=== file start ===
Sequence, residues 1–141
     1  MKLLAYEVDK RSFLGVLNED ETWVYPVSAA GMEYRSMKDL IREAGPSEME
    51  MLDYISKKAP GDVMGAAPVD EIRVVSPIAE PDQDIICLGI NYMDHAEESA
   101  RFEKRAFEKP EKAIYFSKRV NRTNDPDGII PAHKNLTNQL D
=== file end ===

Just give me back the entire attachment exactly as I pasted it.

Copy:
Sequence, residues 1–141
     1  MKLLAYEVDK RSFLGVLNED ETWVYPVSAA GMEYRSMKDL IREAGPSEME
    51  MLDYISKKAP GDVMGAAPVD EIRVVSPIAE PDQDIICLGI NYMDHAEESA
   101  RFEKRAFEKP EKAIYFSKRV NRTNDPDGII PAHKNLTNQL D